The Journal Answers: Scuds and Sowbugs are the staples of any White River fly box, alongside midges for one good reason. These food sources are always in the river and they always seem to work. But don’t worry about your question, you aren’t the first to ask in the past month.

So let’s start at the beginning. Turn any water-covered stone in the system and its a fair bet you’ll turn up one or the other. As you will see from the images below (I am including pictures)  Sowbugs (I believe he is referring to scuds at this point)  are deep bodied, kind of like little shrimp, though they aren’t a true freshwater shrimp. Colors can range from orange to tans, browns greys and olives

Sowbugs on the other hand are shaped more like those slaters, or roly-polys you find in the garden. A feature of these bugs is the darker center and almost translucent edges. Most of the sowbugs I've found tend to lean to subtle shades of gray, and olive.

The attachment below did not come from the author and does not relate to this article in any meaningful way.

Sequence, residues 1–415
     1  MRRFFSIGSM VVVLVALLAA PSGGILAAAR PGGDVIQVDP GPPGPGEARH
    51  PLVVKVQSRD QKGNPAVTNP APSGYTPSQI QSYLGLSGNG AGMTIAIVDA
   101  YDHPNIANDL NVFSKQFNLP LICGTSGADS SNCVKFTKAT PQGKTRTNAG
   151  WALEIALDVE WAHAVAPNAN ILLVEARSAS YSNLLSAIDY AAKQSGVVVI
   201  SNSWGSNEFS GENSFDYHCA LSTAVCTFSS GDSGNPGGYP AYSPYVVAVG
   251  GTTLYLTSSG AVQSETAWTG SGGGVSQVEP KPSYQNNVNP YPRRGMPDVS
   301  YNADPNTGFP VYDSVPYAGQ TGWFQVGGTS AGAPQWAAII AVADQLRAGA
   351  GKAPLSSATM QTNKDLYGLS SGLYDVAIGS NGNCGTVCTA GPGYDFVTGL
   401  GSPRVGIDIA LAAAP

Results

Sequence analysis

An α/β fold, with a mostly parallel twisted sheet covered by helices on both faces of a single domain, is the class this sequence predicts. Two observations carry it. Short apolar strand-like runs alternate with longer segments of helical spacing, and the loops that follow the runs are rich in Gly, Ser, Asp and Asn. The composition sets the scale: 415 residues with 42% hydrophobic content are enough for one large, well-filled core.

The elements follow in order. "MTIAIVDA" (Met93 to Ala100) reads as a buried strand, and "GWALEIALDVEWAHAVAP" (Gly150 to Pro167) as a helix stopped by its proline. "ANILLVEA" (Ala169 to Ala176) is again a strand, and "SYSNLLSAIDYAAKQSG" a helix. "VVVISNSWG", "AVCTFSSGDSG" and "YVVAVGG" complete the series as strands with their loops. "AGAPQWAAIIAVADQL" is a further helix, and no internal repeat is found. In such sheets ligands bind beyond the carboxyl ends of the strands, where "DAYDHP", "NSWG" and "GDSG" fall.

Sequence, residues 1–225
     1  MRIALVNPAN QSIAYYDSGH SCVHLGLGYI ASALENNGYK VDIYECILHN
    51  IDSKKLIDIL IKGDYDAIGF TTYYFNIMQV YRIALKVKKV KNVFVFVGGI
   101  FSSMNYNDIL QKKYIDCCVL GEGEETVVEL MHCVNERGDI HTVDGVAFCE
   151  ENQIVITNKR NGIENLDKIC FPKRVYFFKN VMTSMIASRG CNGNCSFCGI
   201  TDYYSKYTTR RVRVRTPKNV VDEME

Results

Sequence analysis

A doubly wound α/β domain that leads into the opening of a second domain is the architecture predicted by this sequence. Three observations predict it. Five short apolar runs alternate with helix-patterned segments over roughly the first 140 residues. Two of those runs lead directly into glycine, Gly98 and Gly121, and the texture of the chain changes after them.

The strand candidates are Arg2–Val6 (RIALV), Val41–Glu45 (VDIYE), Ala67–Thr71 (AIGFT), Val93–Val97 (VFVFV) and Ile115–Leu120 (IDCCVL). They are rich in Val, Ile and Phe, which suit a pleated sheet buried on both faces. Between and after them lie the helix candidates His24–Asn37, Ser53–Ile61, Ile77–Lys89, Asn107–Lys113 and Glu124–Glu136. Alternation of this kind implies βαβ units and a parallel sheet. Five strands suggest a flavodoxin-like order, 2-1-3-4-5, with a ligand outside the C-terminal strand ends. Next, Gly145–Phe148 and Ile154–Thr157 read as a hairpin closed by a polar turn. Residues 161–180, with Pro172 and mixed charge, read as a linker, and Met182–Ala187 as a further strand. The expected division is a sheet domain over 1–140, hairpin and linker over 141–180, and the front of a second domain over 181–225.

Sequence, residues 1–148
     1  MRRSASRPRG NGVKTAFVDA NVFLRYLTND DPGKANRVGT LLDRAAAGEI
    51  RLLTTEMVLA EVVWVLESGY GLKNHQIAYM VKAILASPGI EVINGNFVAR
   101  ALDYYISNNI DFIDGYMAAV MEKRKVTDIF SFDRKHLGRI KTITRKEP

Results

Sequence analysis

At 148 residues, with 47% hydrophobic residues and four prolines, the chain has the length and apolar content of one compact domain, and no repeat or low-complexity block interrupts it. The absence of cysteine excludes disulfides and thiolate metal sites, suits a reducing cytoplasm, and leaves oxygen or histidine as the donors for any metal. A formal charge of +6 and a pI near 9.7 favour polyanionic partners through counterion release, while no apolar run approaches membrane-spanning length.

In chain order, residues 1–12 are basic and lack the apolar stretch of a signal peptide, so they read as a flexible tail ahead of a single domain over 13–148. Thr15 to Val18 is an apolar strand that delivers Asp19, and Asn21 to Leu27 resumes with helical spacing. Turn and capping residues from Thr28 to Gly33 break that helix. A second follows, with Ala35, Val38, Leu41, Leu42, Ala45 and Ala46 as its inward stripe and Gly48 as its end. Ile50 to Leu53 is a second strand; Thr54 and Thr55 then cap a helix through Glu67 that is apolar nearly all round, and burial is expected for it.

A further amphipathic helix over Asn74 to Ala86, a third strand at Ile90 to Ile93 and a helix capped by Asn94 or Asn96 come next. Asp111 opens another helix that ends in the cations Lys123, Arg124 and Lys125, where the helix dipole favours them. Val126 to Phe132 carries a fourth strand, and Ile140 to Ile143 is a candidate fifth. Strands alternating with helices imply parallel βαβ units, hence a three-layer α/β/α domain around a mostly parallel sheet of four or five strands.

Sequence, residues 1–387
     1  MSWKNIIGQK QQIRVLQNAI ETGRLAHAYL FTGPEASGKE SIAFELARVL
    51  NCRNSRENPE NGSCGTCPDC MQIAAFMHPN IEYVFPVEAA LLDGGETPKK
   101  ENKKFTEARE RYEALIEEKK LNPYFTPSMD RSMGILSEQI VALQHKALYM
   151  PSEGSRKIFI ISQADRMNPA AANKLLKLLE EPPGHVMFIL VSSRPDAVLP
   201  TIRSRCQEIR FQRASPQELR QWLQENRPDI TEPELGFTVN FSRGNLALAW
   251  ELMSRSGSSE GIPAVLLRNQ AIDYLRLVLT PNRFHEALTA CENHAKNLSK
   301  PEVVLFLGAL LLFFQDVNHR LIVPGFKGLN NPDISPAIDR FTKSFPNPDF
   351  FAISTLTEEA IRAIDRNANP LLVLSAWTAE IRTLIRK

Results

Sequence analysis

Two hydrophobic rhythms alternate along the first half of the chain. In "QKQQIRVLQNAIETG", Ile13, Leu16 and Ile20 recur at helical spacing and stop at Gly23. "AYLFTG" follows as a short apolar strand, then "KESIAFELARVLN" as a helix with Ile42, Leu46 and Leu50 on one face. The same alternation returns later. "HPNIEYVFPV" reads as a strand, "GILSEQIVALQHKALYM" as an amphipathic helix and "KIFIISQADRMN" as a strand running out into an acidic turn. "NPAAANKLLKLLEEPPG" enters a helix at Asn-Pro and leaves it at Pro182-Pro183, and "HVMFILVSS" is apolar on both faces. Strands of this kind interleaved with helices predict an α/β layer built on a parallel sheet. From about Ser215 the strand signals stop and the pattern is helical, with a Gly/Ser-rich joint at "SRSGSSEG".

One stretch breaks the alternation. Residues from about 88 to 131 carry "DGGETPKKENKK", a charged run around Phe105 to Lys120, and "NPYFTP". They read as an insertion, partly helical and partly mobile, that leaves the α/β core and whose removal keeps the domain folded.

Basically you can approach fishing either scuds or sowbugs as you would any other nymph pattern. Dead drift, with or without an indicator, works pretty well. This is a great approach on big fish too who find it hard to resist these tempting morsels.

But you do need to fish these flies down where they live, among the stones. Neither are regarded as Olympic class swimmers, though scuds can dart short distances, so they don’t roam far from the protection of home.  So if you aren’t catching fish on these patterns try going deeper before changing flies.

scud


sow bug